Government must rethink frontline childcare scheme, INMO says
Scheme to offer childcare to frontline workers scrapped after only six providers apply
The Government must now go back to the drawing board on childcare, the Irish Nurses and Midwives Organisation (INMO) has said. Photograph: Edmond Terakopian/ PA Wire
The Government must now go back to the drawing board on childcare, the Irish Nurses and Midwives Organisation (INMO) has said.
A scheme to offer childcare to frontline workers has been scrapped after only six providers applied to participate.
Minister for Children and Youth Affairs Dr Katherine Zappone announced the cancellation of the scheme on Wednesday evening, which would have seen childcare workers coming into the homes of healthcare workers to look after their children.
Concerns about infection risk and insurance issues were among the reasons cited for the low uptake of the scheme, which had due to begin on Monday.
Phil Ní Sheaghdha, general secretary of the INMO, said if the Government wants as many frontline nurses and midwives at work “they will have to offer an additional scheme to make it practical”.
“The government must go back to the drawing board. Everyone wants to see a successful scheme, so we will be engaging constructively with the government to get this sorted,” she said.
“A key lesson from this process is that there should be constant engagement with unions and stakeholders in the design of these schemes.
“Until then, nurses and midwives with childcare difficulties can expect maximum flexibility to allow them to attend work. Should that fail, they can remain home, awaiting remote work, with full pay. This was negotiated between unions and employers in the past weeks.
Ms Ní Sheaghdha has called for funds originally allocated for the scheme to be reallocated to those paying “over and above” rates for childcare.
One nurse had been charged €110 per day to cover her 12 hour shift, Ms Ní Sheaghdha told Newstalk Breakfast on Thursday. Others had organised for family members to move into their home, to become part of their household, so they could look after their children.
Public service union Fórsa said the Government had “let health workers down” on childcare and must now commit to refunding additional childcare costs they have incurred since schools and creches closed.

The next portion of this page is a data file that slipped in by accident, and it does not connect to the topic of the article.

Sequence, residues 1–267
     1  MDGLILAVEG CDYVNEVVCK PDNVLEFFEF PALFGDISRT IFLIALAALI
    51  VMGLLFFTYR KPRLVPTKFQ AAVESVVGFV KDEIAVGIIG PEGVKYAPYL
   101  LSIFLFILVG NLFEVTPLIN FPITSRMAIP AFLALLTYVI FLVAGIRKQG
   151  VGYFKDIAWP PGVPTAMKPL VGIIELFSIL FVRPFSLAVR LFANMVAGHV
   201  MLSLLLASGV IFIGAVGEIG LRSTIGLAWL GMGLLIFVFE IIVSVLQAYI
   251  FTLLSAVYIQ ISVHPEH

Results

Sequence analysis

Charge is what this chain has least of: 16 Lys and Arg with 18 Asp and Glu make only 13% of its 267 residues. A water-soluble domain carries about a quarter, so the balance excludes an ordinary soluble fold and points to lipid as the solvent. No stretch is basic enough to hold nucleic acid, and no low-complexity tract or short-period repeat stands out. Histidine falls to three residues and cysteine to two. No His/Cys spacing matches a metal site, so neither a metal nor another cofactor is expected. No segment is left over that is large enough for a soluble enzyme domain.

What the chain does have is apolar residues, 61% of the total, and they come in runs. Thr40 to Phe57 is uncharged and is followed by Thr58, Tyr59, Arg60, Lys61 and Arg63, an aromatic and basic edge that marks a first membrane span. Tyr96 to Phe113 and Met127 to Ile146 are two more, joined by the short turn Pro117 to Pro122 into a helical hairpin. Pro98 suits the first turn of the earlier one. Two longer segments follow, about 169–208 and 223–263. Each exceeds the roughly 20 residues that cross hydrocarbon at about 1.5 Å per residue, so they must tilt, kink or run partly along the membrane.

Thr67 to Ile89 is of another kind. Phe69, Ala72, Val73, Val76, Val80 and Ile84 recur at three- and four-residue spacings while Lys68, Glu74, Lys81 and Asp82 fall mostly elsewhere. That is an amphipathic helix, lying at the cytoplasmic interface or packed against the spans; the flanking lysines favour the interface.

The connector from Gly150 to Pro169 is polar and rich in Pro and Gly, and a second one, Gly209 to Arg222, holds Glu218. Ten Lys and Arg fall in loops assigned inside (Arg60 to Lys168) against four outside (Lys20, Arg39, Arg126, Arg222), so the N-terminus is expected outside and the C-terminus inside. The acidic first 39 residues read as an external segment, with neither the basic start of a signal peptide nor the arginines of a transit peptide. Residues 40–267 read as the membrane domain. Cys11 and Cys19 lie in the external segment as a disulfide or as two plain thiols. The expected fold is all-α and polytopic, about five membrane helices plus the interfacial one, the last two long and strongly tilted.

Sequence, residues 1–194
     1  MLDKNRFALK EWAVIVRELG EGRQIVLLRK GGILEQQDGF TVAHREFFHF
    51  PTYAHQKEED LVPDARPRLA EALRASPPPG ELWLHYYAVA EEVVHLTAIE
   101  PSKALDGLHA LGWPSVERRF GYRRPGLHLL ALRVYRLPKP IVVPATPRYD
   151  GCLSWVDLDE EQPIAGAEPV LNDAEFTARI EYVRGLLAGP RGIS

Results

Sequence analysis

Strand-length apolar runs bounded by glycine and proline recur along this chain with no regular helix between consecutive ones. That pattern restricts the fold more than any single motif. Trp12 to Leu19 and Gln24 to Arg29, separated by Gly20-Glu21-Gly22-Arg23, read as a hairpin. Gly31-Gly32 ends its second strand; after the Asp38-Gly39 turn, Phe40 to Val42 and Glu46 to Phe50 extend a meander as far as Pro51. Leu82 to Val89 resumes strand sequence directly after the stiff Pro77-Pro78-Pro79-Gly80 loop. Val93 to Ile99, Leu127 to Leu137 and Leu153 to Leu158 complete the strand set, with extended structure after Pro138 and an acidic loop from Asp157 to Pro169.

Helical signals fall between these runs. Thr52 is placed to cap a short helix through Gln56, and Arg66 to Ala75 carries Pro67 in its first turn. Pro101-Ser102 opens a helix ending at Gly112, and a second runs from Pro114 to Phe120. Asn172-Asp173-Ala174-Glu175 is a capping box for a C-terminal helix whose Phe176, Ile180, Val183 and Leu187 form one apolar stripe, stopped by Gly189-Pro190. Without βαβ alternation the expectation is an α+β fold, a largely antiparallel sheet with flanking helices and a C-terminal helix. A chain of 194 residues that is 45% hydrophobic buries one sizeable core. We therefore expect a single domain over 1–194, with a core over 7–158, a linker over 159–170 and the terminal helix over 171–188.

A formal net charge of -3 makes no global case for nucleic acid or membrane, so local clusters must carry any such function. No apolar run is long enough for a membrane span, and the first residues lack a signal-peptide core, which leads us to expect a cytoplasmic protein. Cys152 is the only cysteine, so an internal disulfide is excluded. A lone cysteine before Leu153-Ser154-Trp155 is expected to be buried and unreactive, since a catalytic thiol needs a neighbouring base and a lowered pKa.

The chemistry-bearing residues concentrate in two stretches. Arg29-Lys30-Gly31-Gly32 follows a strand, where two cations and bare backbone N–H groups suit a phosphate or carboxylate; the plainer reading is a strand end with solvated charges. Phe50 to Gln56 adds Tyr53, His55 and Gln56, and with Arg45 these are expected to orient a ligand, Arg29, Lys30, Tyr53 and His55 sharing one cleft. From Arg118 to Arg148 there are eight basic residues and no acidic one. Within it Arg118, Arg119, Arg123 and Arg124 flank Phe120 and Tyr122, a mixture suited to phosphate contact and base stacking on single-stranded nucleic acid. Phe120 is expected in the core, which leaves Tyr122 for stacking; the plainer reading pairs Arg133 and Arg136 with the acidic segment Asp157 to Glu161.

“It’s now nine weeks since schools and creches were closed. At that time, the Government promised that it would help essential health workers, thousands of whom have since incurred massive additional childcare costs in order to continue serving the public,” a spokesman said.
“The only practical solution now – to do right by staff and maximise the numbers available in our hospitals and community health settings – is for the Government to agree to meet the additional costs that essential health workers have incurred.
Labour’s justice, children and youth affairs spokesman Sean Sherlock said the terms of the scheme “left too many questions unanswered”.
“This puts the other stages of opening up childcare for families in jeopardy. If there is no certainty now how can there be certainty before June 8th and then for June 29th. This is deeply disappointing for working parents and puts working mothers in particular under further strain,” Mr Sherlock said.
“It’s a regressive social step and will plunge women backwards. The Taoiseach needs to take ownership of this issue now. It requires political leadership at the highest level. The government can’t keep stringing parents and providers along.’’
Sinn Féin leader Mary Lou McDonald said the Government would have to indemnify childcare providers to ensure that access to childcare was guaranteed and provided to workers on the frontline during the pandemic.
Nobody could provide a figure outlining how much this will cost, if insurance was called on, she told RTÉ’s Today programme on Thursday. She said the first proposal to provide childcare solutions had fallen flat on its face and something needed to be done. “That was the responsible thing to do,” she said.
Ms McDonald said that this was not the first time there had been issues with insurance and childcare providers, and it was worrying that it was rearing its head again. Schools in Northern Ireland had remained open for children of frontline workers, she said.
Early Childhood Ireland has warned that if a decision is made to limit the numbers of children who can return to creches, it would have a “dreadful knock-on effect” on staff retention.
Frances Bryne, director of policy and advocacy at the organisation, said it is “absolutely critical” that the National Public Health Emergency Team provide clarity about public health implications for creches as they reopen, such as whether ratios of staff to children would change and if it would be necessary to limit numbers.
This clarity will help proprietors to make decisions about staffing and funding, Ms Byrne said.
Karen Clince, chief executive of Tigers Childcare, which employs 183 staff, said the Government must “think outside the box” to bring back childcare services.
Ms Clince said a number of her staff had signed up for the government’s childcare scheme for childcare workers, but she felt that it would be better for the government to look at “hub situations”.
Ms Clince has proposed there should be “hubbed” groups within specific rooms and no crossover of staff. It would be wrong to bring children back and to expect them to adhere to social distancing, to “not allow them to be normal,” she told RTÉ’s Morning Ireland.